A nursery manager who boasted about her sexual interest in children in an internet chatroom where child sexual abuse was shown has been named following sentencing last week.
Alison Whateley, 44, was caught by an undercover officer telling other users in an online conference room that babies were “so f***ing sexy”, Guildford Crown Court heard.
Whateley, who worked at the Bushy Tails Day Nursery and Pre-school in Teddington, southwest London, was arrested on 26 September 2017, suspended from work and later dismissed following a National Crime Agency (NCA) investigation.
The NCA said there was no evidence to suggest any material was made at nurseries where she had worked or that she had abused children there.
Whateley was sentenced for assisting or encouraging the distribution of indecent images.
After she was arrested, Whateley admitted to using an account on an online chat room in which the most serious category of child sexual abuse was being streamed.
Investigators also found a recording on her phone in which she admitted to being a paedophile and expressed an interest in abusing very small children.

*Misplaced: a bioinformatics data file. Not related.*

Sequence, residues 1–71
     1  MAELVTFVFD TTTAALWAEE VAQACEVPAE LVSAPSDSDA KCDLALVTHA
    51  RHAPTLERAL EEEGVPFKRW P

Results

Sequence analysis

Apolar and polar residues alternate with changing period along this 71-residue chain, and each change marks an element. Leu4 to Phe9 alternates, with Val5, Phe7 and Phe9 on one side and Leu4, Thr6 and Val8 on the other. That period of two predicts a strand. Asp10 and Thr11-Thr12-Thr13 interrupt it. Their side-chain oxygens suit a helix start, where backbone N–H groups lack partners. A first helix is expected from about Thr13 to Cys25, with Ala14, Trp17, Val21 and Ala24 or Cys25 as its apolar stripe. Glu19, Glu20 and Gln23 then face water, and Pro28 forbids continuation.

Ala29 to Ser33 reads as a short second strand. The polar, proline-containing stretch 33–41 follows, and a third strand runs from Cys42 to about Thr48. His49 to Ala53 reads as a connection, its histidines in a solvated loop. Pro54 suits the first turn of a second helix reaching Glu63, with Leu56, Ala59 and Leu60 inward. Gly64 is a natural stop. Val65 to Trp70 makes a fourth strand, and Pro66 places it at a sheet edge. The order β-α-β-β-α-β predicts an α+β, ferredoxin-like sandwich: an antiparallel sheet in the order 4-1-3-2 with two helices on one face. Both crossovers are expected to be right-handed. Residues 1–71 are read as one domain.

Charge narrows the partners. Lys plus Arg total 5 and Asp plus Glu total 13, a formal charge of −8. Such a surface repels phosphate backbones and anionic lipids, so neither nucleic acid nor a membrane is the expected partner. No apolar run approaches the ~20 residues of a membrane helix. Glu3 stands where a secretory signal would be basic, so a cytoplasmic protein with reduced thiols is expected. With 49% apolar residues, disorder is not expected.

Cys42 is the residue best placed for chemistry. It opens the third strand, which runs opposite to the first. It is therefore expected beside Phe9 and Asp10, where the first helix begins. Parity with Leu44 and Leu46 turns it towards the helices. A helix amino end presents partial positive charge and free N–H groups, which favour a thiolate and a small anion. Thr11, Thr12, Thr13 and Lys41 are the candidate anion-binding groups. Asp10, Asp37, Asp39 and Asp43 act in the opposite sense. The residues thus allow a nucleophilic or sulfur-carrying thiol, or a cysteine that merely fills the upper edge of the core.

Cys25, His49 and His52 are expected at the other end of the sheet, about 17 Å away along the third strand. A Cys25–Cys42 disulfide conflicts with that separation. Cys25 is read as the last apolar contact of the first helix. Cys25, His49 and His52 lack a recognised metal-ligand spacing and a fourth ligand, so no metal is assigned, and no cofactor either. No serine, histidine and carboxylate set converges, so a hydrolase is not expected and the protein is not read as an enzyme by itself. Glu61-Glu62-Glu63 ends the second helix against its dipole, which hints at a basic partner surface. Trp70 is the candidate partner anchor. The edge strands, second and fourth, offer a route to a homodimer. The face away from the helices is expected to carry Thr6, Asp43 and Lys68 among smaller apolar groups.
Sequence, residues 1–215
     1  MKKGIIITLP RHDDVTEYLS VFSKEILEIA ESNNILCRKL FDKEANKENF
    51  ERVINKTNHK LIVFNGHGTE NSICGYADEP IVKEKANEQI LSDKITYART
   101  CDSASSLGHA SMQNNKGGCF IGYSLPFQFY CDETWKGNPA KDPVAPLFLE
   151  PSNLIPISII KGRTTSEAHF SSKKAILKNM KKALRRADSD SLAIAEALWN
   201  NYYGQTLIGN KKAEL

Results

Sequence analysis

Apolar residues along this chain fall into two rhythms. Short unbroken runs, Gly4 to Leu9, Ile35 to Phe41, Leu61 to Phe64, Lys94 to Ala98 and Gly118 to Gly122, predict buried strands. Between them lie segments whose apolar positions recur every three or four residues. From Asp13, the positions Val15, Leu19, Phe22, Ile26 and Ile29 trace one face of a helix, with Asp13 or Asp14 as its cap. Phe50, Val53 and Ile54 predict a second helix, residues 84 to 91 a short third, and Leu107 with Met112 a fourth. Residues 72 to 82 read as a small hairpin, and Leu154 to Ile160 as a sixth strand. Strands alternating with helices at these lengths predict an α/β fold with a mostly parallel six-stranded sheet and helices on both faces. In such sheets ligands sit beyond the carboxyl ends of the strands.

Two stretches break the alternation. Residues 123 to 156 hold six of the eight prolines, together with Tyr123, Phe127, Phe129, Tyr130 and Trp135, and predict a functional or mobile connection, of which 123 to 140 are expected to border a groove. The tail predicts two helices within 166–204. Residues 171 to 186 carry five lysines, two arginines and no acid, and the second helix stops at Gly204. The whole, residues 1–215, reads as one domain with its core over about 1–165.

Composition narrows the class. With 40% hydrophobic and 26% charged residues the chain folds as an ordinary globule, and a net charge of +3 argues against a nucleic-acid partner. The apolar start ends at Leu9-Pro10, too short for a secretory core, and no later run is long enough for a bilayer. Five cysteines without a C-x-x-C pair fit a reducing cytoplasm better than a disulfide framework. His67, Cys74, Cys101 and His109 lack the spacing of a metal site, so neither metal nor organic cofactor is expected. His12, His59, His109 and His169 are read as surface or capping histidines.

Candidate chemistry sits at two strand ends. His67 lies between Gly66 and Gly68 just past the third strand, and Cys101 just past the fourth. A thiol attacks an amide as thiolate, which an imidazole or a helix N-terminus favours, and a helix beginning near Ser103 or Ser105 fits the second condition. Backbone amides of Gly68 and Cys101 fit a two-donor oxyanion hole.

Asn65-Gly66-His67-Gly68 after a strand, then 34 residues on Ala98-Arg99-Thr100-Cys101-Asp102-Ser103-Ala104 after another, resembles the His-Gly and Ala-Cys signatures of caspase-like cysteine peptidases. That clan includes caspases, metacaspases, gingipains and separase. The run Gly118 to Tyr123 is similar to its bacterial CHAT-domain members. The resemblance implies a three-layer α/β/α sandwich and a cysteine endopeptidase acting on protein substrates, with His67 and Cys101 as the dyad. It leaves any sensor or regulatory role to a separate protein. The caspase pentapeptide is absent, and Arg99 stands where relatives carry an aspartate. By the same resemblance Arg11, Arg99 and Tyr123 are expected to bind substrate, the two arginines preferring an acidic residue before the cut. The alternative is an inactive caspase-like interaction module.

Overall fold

Whateley claimed she had been visiting the conference room for six months to entrap paedophiles, but she had not passed offenders’ details to police.
She initially pleaded not guilty, but admitted encouraging the commission of an either way offence on the eve of her trial at Guildford Crown Court last month.
Last Thursday, she was sentenced to a 30-month community order and a 50-day rehabilitation order.
She was also put on the sex offenders register and given a five-year sexual harm prevention order.
Now, the judge has lifted a ban so that she can be named for the first time.
“The sharing of both live and recorded child abuse on web based platforms is a growing threat,” Graham Ellis, NCA operations manager, said.
“Behind every image is a child who has been abused or is still being abused and their protection is at the centre of everything we do.”
Alison Cartmell, specialist prosecutor at the Crown Prosecution Service, said: “We work tirelessly with partners such as the NCA to make sure those involved in child abuse of any kind are prosecuted to the full extent of the law.”